To retrospectively compare the diagnostic accuracy of magnetic resonance imaging (MRI) and multidetector-row computed tomography (MDCT) in the assessment of the mandibular invasion by squamous cell carcinoma (SCC) having histopathological exams as standard of reference.
Materials and methods
Institutional review board approval with a waiver of informed patient consent was obtained. Of the 147 patients selected from our database who underwent surgical excision of a tumour arising into the oral cavity, thirty-six patients (26 men, 10 women; mean age, 56 years; range, 30-75 years) with hystologically proven SCC who performed both a preoperative MRI and MDCT, composed our final study population.
Images were qualitatively analyzed in consensus by two expert radiologist in head and neck imaging. Sensitivity, specificity, accuracy, positive predictive value (PPV) and negative predictive value (NPV) were assessed for both MRI and MDCT.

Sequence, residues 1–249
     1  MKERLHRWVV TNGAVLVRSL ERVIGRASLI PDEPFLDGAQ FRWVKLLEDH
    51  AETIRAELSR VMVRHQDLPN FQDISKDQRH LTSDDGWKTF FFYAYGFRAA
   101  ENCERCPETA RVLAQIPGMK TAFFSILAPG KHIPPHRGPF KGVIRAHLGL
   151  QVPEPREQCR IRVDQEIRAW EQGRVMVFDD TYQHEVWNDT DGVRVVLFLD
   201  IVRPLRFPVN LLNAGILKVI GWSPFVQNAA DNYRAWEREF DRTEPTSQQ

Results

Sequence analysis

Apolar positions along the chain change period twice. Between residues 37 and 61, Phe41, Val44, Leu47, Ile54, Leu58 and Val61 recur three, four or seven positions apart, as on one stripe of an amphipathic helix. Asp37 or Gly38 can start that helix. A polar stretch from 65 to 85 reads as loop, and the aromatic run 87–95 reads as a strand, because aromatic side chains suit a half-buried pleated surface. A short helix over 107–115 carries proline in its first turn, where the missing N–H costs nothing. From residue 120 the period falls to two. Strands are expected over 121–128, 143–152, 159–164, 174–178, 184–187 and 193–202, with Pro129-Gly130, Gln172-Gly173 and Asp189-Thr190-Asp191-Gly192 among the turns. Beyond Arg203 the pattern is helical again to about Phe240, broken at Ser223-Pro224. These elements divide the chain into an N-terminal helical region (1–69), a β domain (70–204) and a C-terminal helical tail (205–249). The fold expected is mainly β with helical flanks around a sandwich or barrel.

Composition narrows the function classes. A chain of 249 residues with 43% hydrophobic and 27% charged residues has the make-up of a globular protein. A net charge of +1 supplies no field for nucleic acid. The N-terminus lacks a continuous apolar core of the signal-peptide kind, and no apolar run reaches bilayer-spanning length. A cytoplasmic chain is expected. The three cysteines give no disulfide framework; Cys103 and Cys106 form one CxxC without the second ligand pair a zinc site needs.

Differences in sensitivity, specificity, positive and negative predictive values were calculated at a statistical significance of p < .05.
The sensitivity, the specificity and the accuracy of MRI and MDCT in the detection of the mandibular involvement were respectively 93%, 82%, 86% and 79%, 82%, 81%, while the positive predictive value (PPV) and negative predictive value (NPV) were respectively 76%, 95% and 73%, 86%. There wasn't any statistically significant difference in overall diagnostic accuracy between MRI and MDCT in the evaluation of mandibular tumour invasion (p > .05).
MRI showed to have a higher sensitivity compare to MDCT in the assessment of mandibular involvement from SCC arising in the oral cavity although none statistically significant differences were noted.